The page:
Missouri’s “Yes On 2” campaign followed the model of other recent successful expansion campaigns in mostly Republican states, including Utah, Idaho, Nebraska and Oklahoma.
Expansion advocates enlisted the help of the Fairness Project, a Washington D.C.-based nonprofit that worked on other expansion campaigns and brought a similar approach to Missouri.
Jonathan Schleifer, executive director of the Fairness Project, agrees that, in Missouri, as in other states, many voters have a deep resistance to the ACA.
"I think there's still a lot of work to do to push back against the hundreds of millions of dollars, the public messages coming from as high as the White House, that there's something wrong with the Affordable Care Act," Schleifer says.
But Schleifer also says that the Missouri campaign convinced many rural voters of the importance of expansion and boosted their turnout.
A total of 672,967 Missourians voted in favor of expansion. Most of those votes came from urban areas, which voted overwhelming in favor of the measure. Kansas City voters, for example, voted to approve the measure by 87.7% to 12.3%.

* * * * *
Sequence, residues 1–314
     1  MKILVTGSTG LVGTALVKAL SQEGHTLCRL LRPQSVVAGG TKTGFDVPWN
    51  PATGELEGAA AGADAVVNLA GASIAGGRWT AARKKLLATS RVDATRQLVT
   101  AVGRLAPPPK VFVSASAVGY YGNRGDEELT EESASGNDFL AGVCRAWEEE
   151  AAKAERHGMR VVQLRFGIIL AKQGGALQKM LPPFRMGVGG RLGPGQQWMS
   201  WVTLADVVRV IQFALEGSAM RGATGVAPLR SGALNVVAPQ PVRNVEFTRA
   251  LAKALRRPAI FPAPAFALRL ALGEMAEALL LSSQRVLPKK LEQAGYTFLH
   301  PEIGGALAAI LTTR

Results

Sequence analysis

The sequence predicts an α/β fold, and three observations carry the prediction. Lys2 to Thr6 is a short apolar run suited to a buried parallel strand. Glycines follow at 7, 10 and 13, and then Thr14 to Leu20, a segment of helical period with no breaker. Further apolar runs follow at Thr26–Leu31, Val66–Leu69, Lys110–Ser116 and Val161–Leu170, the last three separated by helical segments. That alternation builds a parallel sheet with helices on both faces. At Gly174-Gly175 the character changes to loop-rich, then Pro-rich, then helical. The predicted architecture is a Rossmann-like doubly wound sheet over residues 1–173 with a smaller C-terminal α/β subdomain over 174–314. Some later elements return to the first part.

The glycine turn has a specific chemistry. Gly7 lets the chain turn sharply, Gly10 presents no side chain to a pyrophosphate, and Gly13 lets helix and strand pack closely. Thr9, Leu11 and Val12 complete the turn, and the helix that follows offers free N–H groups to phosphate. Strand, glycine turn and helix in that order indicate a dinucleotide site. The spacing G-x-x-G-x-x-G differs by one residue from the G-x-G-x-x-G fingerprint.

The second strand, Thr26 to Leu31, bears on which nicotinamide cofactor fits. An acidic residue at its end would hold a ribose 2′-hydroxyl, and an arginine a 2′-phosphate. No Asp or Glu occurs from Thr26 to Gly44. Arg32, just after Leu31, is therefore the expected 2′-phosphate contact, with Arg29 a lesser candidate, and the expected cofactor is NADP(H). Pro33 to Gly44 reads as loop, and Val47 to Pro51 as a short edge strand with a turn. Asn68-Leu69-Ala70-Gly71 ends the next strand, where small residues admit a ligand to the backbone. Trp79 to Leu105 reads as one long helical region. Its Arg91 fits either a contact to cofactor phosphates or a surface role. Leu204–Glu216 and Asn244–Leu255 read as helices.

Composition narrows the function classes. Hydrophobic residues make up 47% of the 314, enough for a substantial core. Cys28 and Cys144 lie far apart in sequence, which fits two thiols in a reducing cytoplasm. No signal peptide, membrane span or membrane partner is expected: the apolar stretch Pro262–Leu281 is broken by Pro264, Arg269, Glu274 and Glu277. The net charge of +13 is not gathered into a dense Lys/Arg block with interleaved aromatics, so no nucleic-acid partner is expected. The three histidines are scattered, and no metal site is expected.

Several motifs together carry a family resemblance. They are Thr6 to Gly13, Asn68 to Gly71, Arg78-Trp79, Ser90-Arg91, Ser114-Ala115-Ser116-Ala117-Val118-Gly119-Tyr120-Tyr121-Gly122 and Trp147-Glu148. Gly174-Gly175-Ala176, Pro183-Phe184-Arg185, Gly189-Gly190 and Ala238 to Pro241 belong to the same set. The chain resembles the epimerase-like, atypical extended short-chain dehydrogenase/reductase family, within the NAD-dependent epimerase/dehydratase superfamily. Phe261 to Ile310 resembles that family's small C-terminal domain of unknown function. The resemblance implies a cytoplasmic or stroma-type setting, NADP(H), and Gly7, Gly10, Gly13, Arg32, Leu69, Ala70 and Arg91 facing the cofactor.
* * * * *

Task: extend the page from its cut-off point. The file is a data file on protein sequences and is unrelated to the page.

Expansion supporters outside of the eight counties where majorities favored expansion, however, accounted for 30% of the total “yes” votes. Without those votes, the measure would have failed.
And county election results show that many rural voters across the political spectrum voted in favor of the measure.
Take Scotland County in northeastern Missouri, which had the highest uninsured rate in the state, 23%, in 2017. On Tuesday, 92% of Scotland County voters identified themselves as Republicans, but 36% of the county's voters approved of expansion.
Similarly, in southern Missouri’s Ripley County, where 17% of adults were uninsured in 2017, almost a third of voters approved of expansion, even though the county generally elects Republican candidates by huge margins.